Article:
I walked home with a bag full of mangos and a whole new perspective on island life.

*click for image credit

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Jadine Yarde

About Jadine Yarde

Jadine was born in Boston, though her most recent years have been spent in New York City. One day, she found the gall to walk into her corporate job to tell the department heads that she was chucking the deuces and heading off to do her own thing – a move to a small, confined island to start a business and a relationship. Home for Jadine is now a 166 square mile rock in the Caribbean sea. Barbados is the birthplace of her father and during frequent childhood visits, Jadine fell into a weird, cosmic love affair with the rock, complete with fireworks, sparklers, and dancers. And now here she is, reunited with the rock she loves, embarking on a lifestyle that’s incomparable to anything she’s ever known; wine is expensive, zetar vans are faster than a mini jet, and local wit can be sharper than a serpent’s tooth.

The famous saying, If you can make it in New York City, you can make it anywhere, has been proven false in Jadine’s case. After time on the rock, she now believes wholeheartedly that if you can make it on an island like Barbados, then you can take over the world! (Jadine really hopes this statement is proven true.)

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11 thoughts on “Mango Trees and Random Acts of Island Kindness

  1. Love this post! Everyone with a fruit tree that bears well should share with neighbors. I know my grandfather in Florida did (mangoes, grapefruit, and tangelos). Unfortunately, crooks also stole mangoes from his tree — as did raccoons, so he didn’t always have so many to share. Glad you finally got some mangoes (yum)!

  2. I absolutely loved this!! Written very eloquently and told straight from the heart. I don’t live abroad but you reminded me at a very necessary time that a little kindness goes a long way. It sounds like the Welch family was a sign from God that you needed. Sometimes it’s astonishing to watch him work.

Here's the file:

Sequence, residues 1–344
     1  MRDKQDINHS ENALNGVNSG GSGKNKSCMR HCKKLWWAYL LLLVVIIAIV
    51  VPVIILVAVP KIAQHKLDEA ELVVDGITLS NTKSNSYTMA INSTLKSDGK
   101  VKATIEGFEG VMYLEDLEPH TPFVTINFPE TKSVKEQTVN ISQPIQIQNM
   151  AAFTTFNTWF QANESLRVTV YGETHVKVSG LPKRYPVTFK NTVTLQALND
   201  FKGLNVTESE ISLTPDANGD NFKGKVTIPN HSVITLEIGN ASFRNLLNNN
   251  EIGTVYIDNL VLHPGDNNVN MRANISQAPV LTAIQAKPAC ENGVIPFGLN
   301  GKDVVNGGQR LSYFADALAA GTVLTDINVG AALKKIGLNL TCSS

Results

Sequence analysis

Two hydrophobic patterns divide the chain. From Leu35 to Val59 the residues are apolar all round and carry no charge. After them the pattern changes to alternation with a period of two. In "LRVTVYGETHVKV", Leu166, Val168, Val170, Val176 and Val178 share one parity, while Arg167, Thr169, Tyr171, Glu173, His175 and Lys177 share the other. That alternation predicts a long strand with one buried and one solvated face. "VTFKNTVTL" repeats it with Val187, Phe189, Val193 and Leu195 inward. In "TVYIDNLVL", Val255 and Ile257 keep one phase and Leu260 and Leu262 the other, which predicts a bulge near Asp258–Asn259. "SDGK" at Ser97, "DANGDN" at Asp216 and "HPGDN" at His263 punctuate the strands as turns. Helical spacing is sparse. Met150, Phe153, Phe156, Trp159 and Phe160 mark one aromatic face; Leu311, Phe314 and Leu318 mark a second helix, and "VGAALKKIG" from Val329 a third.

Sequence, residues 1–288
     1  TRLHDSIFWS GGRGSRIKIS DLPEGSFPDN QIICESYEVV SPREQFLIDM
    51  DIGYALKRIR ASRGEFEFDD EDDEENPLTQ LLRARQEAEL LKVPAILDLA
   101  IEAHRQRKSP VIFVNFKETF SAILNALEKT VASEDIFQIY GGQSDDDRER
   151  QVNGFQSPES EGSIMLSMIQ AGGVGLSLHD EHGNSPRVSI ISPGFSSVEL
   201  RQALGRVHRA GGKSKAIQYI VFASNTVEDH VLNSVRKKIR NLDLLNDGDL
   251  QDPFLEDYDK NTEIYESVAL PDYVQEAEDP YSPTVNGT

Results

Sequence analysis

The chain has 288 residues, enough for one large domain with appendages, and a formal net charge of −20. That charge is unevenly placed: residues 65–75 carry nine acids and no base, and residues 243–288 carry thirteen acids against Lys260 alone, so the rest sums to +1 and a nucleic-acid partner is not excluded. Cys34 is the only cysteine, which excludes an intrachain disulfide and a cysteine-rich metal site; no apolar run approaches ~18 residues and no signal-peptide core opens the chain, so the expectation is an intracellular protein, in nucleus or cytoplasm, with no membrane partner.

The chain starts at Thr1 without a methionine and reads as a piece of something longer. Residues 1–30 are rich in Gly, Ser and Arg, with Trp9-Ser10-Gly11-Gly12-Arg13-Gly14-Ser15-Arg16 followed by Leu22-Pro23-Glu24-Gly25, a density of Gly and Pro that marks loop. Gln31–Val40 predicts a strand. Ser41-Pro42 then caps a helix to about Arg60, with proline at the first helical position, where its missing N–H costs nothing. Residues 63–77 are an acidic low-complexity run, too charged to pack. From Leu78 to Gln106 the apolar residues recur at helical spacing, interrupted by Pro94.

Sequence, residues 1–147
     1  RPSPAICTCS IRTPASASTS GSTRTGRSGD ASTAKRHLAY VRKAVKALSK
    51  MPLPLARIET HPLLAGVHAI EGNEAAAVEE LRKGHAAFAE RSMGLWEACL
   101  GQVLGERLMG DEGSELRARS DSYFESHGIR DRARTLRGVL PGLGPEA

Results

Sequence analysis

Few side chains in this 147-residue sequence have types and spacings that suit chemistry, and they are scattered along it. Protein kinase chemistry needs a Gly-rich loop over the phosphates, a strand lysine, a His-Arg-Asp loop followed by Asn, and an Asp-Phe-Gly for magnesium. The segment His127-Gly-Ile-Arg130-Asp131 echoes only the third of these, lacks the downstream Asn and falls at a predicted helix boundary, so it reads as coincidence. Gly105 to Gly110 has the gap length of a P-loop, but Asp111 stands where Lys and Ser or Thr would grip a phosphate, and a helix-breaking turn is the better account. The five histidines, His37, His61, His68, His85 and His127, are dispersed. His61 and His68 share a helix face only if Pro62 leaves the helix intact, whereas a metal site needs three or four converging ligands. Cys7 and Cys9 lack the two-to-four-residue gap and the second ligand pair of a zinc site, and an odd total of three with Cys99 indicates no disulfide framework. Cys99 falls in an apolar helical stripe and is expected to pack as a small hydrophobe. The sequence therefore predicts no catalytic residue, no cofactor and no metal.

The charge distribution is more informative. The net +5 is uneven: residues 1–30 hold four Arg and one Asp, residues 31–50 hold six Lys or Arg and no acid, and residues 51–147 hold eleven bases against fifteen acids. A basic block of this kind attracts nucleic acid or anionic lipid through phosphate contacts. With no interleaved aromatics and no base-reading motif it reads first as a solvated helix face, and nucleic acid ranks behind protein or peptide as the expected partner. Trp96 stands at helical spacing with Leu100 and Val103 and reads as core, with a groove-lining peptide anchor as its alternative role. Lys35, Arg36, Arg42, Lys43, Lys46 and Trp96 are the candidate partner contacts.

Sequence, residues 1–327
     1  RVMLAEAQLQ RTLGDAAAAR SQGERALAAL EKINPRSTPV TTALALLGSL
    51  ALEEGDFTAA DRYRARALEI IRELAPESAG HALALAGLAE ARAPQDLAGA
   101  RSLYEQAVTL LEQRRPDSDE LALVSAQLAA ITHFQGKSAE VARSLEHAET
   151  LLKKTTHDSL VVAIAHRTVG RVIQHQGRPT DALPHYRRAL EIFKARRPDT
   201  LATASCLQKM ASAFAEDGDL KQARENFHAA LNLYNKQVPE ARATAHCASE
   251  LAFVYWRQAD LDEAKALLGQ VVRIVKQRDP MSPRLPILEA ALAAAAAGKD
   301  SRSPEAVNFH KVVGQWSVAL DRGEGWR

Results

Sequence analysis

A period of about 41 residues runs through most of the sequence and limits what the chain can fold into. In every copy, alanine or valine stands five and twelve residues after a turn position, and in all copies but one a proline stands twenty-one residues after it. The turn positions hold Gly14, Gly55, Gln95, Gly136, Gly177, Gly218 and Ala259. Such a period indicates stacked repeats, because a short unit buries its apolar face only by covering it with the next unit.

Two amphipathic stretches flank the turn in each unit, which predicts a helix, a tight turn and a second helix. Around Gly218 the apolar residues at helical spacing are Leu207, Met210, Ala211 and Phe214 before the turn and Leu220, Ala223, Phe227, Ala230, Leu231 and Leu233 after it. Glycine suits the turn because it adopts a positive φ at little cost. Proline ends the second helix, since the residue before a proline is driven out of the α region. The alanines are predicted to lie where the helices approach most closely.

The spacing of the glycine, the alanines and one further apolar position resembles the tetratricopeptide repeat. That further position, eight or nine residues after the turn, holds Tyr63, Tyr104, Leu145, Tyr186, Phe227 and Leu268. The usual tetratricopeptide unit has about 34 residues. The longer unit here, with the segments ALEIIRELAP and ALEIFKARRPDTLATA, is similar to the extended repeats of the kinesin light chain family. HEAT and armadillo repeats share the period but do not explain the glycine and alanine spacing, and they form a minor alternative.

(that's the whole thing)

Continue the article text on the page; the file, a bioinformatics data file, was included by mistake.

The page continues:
3. one of my most loved moments here was when Husband and I got to his classroom one morning and found a note and a bag of mangos from one of the cleaning ladies at the school. The note said, “para la beba (for the baby)” bc she knew our daughter loooooved mangos. oh the happiness that came from those mangos in a bag.

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  5. Comparto totalmente el sentimiento por tu escrito, a mi también me decepciona ver que la mayoria de personas que tienen abundancia de TODO!!! no saben compartir.
    Un simple gesto de DONACIÓN, puede transformar nuestra tristeza en algo grande, algo como restablecer nuestra FE en el SER HUMANO, porque compartir es AMAR!!!
    Conxita :))))

  6. This is a Wonderful story, Mangos are always a quest when we go to Trinidad, and finding them at different times of the year literally makes finding them a search of the holy grail!
    Hmmmmmmmm I think that we need to make some friends with mango trees when we go back, our little tree will not produce much fruit for the next few years :p
    We do however have a line on Limes.
    We went to visit our lawyer a few times on our last trip and we always came home with a huge bag of Limes! He was very happy to show us around his garden naming off all his plants and then getting to business ( he was ecstatic to get Rid of some Limes ). He also gave us a branch from his Cinnamon tree, which we made tea from it’s leaves ( and saved some for our neighbours to show us how to make drinking Chocolate ).

  7. We do not live on any island…Yet! But one of our requirements are mature fruit trees. I’m not a mango fan from the grocery store, but have purchased from locals while on vacation and they are the BOMB! Also would love to have avacado trees, bananas and whatever else will grow!!